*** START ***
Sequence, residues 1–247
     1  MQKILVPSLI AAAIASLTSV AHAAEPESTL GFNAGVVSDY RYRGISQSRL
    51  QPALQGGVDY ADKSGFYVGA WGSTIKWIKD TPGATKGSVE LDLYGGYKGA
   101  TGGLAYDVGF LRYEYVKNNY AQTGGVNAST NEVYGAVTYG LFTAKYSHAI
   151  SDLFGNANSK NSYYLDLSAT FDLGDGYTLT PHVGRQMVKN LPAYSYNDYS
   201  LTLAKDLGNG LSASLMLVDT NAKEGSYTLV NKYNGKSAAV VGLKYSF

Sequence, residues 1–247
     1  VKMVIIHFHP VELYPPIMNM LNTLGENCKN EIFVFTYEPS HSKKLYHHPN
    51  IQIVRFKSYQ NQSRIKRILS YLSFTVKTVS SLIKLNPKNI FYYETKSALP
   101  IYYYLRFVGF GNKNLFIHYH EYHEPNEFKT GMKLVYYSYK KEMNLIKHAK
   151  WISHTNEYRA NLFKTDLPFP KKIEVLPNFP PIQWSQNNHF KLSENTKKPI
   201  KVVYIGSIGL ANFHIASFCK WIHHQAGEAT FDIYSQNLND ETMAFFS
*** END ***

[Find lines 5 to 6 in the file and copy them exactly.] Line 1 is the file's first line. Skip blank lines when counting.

   151  SDLFGNANSK NSYYLDLSAT FDLGDGYTLT PHVGRQMVKN LPAYSYNDYS
   201  LTLAKDLGNG LSASLMLVDT NAKEGSYTLV NKYNGKSAAV VGLKYSF